Business Diary: Pancakes are too expensive to drop

Click to follow
The Independent Online

If you can't afford to toss quite so many pancakes today, you know whom to blame – like everything else, it is the fault of the bankers, of course. The cost of many staple foods has risen very sharply in recent months – the UN Food and Agriculture Organisation says food prices are now at a record high – and one reason for this is market speculators have caused a bubble to develop, claims the World Development Movement, the anti-poverty campaigner. Try not to drop them.

Lord Green waves his magic wand

In these difficult times for trade ambassadors, it's good to see a bit of gratitude from exporters benefiting from the services of those who thanklessly have to hawk the UK's wares around the world. The Wand Company, which got thousands from the Dragons' Den panel last year for its button-less remote control, says it has Trade minister Lord Green to thank for its launch into Spain. He's helped it to get a distribution deal for the "Kymera" wand – you flick your wrist and it changes channels for you – in the country.

The lonely world of online trade

Our heart goes out to them. Four in 10 British businesses have websites that attract no visitors at all – not a single one – according to a survey published today by ClixSense. That is truly tragic: these poor, lonely souls go to all the trouble of trying to exploit the modern world and then nobody bothers to visit.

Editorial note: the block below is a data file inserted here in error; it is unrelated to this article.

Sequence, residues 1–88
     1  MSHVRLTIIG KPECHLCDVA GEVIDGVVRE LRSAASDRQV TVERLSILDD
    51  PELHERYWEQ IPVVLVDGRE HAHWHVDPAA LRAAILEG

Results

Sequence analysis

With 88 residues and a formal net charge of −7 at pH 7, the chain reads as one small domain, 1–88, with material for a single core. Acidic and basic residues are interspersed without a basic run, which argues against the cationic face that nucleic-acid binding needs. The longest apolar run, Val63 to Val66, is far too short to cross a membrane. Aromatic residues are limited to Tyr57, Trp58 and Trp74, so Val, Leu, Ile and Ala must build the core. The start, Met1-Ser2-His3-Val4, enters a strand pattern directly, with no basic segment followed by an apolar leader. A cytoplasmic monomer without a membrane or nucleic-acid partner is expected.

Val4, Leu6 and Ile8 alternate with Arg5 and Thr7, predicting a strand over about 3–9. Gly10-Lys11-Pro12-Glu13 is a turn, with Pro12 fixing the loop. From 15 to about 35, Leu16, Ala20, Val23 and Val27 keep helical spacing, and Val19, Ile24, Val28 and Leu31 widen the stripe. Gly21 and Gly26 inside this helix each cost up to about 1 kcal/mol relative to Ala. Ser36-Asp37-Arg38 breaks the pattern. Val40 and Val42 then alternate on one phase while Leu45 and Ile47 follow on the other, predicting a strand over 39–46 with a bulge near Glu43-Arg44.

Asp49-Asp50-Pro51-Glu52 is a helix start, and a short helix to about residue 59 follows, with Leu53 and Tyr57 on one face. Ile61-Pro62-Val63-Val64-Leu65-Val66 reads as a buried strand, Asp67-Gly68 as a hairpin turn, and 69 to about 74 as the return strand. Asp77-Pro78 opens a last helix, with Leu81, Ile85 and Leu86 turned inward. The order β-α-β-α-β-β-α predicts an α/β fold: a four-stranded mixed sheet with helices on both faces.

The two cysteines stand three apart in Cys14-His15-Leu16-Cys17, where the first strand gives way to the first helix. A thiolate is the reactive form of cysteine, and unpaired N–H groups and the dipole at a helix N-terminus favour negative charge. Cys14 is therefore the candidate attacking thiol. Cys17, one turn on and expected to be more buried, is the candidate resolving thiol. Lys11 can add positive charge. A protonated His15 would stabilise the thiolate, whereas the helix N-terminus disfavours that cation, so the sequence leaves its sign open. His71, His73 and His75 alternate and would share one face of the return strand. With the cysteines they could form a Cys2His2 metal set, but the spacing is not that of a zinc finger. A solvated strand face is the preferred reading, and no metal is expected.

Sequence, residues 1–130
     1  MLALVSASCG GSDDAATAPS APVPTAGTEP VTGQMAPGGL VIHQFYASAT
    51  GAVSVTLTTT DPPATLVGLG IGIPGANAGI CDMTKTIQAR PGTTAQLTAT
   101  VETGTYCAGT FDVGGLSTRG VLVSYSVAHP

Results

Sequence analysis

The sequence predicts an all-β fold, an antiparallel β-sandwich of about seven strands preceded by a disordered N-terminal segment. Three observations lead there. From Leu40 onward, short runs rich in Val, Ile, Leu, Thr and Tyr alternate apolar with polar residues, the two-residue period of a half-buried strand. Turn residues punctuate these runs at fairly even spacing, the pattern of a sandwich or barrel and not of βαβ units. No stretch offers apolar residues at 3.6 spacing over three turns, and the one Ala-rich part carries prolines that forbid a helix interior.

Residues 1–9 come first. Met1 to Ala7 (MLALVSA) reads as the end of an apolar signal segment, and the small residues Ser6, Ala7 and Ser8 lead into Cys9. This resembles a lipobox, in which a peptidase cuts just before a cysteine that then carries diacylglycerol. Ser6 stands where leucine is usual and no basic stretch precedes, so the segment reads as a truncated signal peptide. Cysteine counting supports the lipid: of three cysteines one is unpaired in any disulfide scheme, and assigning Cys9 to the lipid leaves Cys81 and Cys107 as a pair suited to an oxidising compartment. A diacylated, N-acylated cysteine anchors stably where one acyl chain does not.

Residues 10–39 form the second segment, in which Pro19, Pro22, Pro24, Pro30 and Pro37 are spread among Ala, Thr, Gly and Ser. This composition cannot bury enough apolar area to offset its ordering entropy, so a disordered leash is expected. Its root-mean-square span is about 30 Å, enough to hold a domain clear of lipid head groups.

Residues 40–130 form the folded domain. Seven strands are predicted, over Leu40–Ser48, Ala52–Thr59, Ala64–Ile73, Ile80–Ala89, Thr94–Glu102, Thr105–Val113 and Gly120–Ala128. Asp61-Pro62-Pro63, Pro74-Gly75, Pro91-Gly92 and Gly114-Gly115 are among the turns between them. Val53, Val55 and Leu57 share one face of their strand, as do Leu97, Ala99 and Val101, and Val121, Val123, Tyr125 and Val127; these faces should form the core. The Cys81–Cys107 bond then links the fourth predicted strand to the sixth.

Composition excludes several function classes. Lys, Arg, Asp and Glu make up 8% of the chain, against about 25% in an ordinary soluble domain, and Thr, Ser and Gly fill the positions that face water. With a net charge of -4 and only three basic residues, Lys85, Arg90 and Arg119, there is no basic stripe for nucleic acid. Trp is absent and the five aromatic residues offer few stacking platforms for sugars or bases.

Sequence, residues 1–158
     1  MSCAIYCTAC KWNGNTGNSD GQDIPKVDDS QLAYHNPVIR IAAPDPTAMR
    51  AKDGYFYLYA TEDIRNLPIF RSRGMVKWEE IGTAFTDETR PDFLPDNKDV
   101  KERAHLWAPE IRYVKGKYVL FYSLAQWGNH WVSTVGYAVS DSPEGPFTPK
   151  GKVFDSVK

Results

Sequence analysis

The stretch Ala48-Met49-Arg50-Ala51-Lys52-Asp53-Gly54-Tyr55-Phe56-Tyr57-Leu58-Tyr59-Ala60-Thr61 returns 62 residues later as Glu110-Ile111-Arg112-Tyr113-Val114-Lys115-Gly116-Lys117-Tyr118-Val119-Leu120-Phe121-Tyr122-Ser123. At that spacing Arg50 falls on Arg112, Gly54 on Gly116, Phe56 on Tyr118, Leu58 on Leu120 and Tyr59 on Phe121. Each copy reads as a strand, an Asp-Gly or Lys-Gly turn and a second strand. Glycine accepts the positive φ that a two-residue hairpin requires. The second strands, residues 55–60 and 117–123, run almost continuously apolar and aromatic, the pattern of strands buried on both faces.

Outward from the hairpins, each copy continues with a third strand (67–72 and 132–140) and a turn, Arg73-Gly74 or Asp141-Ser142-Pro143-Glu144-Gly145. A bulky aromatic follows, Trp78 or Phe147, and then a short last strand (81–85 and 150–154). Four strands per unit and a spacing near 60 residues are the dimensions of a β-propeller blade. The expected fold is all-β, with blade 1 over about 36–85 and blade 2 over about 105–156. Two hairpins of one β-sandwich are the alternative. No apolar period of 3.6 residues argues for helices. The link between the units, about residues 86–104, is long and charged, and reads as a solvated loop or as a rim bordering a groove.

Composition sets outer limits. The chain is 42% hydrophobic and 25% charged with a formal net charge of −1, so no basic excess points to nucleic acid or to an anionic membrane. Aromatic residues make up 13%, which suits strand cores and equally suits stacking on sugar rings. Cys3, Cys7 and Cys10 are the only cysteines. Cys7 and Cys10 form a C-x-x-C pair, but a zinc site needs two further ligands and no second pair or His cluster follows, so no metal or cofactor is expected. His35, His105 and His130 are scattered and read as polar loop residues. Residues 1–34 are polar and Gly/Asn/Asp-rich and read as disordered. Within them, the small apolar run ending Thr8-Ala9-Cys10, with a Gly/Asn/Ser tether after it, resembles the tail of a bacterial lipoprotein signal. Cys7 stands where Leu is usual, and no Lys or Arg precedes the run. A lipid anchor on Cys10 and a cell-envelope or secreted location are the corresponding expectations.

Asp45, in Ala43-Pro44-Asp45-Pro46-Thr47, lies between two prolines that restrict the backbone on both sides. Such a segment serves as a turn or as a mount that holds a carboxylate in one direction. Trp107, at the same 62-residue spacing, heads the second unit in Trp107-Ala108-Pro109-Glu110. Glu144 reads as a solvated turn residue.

Money is the new rock'n'roll

So what's your next career move after quitting as the bassist of one of the world's biggest rock groups? Well, for Duff McKagan, once of Guns N' Roses, the obvious step (to him anyway) was to launch a wealth-management business – and now Meridian Rock is going global. McKagan admits he knew nothing about money until 1994, when he started looking at his former band's financial records during some time off sick. Having realised he couldn't make any sense of them, he took some finance classes, became ever more interested, and eventually ended up advising other musicians on what to do with their cash. Now he's turning professional, going into business with former banker Andy Bottomley.